Does authority give someone credibility? I think the grand majority of people agree that it does.
Does it give someone default credibility regardless of the validity of their specific statements? I strongly assume that to be the case as well.
People tend to accept ideas and arguments more readily if they come from an authority figure, regardless if these ideas and arguments are themselves sound and valid, or complete hogwash. Precedents and past achievements give that person a buffer zone, and his opinions are attributed a greater weight than those of someone (yet) unknown.
But does the lack of authority automatically infirm someone’s credibility? Can it constitute an argument against the validity of that person’s opinions?
Don’t we often hear…
“Ah, don’t listen to her, she’s not published yet, she’s probably not even a “real” writer.”
“Who, him? Pshaw, he’s self-pubbed. Like he knows a thing about the publishing industry.”
“I’m not taking advice from someone who’s only written non-fiction. What do they know about true ART?”
And even something akin to…
“Mrs. Writing Coach said fantasy is best written in third person, past tense. I suppose my experimental manuscripts are all trash.”
“Oh, Mr. Stephen Rowling said novels with only two humongous chapters will revolutionize literature? What are we waiting for?!”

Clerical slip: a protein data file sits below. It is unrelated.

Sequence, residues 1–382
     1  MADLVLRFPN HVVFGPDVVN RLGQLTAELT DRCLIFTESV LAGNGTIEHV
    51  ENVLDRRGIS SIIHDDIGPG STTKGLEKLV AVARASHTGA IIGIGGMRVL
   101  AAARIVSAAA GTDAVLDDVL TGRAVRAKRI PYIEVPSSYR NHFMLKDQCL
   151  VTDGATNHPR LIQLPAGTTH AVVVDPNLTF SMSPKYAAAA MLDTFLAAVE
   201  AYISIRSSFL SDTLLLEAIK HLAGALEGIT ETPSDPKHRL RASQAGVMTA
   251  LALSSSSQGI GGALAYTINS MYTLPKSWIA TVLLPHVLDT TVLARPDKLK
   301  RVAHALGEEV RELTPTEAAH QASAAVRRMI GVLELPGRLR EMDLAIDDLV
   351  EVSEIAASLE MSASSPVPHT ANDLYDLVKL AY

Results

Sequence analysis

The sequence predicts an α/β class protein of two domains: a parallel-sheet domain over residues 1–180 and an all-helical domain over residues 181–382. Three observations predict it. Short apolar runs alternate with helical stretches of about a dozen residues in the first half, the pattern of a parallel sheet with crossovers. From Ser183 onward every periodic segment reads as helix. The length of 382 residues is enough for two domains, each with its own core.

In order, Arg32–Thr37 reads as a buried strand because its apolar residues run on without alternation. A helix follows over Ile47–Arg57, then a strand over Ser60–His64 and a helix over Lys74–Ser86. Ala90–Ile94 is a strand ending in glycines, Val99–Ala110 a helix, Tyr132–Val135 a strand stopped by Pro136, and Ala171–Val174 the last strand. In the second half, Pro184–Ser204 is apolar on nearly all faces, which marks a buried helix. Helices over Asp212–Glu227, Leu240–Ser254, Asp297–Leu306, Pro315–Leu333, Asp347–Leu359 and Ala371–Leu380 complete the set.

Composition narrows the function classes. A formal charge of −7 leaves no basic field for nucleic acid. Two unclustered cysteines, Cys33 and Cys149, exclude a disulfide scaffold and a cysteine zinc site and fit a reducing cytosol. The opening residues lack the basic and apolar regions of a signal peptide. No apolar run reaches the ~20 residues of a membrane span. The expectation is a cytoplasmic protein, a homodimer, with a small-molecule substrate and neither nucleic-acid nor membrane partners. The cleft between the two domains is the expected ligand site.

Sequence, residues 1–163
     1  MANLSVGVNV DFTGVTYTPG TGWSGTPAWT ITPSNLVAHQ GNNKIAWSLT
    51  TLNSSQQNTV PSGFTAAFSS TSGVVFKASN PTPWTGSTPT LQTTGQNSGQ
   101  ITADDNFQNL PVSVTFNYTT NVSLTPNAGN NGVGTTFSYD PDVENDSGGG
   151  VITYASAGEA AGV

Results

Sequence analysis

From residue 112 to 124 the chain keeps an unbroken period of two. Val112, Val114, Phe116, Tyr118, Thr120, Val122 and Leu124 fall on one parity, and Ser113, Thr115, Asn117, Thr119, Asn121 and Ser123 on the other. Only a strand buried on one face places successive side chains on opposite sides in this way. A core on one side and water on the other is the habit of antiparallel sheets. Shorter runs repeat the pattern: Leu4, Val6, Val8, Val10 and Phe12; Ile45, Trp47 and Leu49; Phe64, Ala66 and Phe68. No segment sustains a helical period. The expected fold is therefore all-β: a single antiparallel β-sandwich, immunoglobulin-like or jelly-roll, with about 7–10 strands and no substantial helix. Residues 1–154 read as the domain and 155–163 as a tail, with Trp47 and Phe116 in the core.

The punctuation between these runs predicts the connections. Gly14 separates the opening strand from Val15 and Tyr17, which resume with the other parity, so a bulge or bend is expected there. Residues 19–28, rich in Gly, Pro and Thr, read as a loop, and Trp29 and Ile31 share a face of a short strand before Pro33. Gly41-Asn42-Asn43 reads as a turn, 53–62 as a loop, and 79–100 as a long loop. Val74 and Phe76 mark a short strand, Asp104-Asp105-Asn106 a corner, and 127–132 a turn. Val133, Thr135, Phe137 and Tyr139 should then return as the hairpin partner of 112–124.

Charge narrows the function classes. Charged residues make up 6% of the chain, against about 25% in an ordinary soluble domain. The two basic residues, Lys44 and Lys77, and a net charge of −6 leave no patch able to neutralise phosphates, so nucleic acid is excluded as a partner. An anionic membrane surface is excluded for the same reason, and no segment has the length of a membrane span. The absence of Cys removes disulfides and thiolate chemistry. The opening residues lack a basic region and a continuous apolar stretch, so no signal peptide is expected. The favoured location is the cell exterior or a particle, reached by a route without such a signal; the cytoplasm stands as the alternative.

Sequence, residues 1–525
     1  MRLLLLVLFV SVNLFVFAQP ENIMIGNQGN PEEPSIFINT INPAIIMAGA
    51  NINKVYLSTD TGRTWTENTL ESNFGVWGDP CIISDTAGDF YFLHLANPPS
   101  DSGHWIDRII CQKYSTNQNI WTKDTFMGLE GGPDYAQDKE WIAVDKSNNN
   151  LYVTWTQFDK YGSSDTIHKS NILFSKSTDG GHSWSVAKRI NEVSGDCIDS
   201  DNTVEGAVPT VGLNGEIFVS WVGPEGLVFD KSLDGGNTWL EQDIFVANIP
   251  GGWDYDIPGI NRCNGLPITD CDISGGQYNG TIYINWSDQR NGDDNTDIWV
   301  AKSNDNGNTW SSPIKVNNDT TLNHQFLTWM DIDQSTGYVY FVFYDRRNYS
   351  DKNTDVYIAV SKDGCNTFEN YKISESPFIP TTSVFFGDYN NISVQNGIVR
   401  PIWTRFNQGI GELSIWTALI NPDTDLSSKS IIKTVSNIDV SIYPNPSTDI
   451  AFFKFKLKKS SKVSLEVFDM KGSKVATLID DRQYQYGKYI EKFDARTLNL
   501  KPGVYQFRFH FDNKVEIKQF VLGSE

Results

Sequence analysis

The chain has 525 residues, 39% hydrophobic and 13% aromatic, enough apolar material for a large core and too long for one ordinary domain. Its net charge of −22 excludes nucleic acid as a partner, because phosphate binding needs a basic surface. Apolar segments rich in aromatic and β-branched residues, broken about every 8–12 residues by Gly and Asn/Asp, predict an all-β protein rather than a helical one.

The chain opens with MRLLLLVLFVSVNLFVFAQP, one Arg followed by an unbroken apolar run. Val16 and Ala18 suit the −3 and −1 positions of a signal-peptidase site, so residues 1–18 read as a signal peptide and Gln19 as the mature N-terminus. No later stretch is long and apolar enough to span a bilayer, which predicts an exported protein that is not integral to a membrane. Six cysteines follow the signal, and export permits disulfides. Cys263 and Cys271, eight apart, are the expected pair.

How often are people discredited simply because this is their FIRST moment in public? How often are they received with skepticism and even blatant disrespect simply because they don’t have a PRECEDENT of success? Regardless of the quality of their work, the validity of their advice, or the clarity of their perspective.
And how often is the nonsensical advice, regurgitated platitude or even the crass falsehood of someone taken as letter of law, simply because they have authority in one field or another?
The world is brim full—practically boiling over with know-it-alls, smartasses, and self-proclaimed experts (or gurus, ninjas, Jedi, and whatnot). It’s sometimes very hard to discern who’s making a good point, and who’s just foaming at the mouth. Previously established authority is certainly helpful in segregating sources of information. But we shouldn’t let ourselves be blinded by [perceived] authority—or the lack thereof—when we are confronted with new ideas.
We should ALWAYS have an open mind. That’s one of the most important characteristics a writer should have!
And I don’t just mean with regards to writing advice from unlikely sources. I mean all kinds or information, all sorts of conflicting opinions and sharp angles on things that have sunken into the comfortable background of our collective awareness. If only in the service of our own growth as intellectual beings… In the service of our research for the next great story, or in the service of our ability to remain flexible.
We should dare to go on adventures without a hand-drawn map of some public figure with a Pedigree. We’d be surprised how many others are exploring the wilderness beside us, and whose words actually make a damn lotta sense.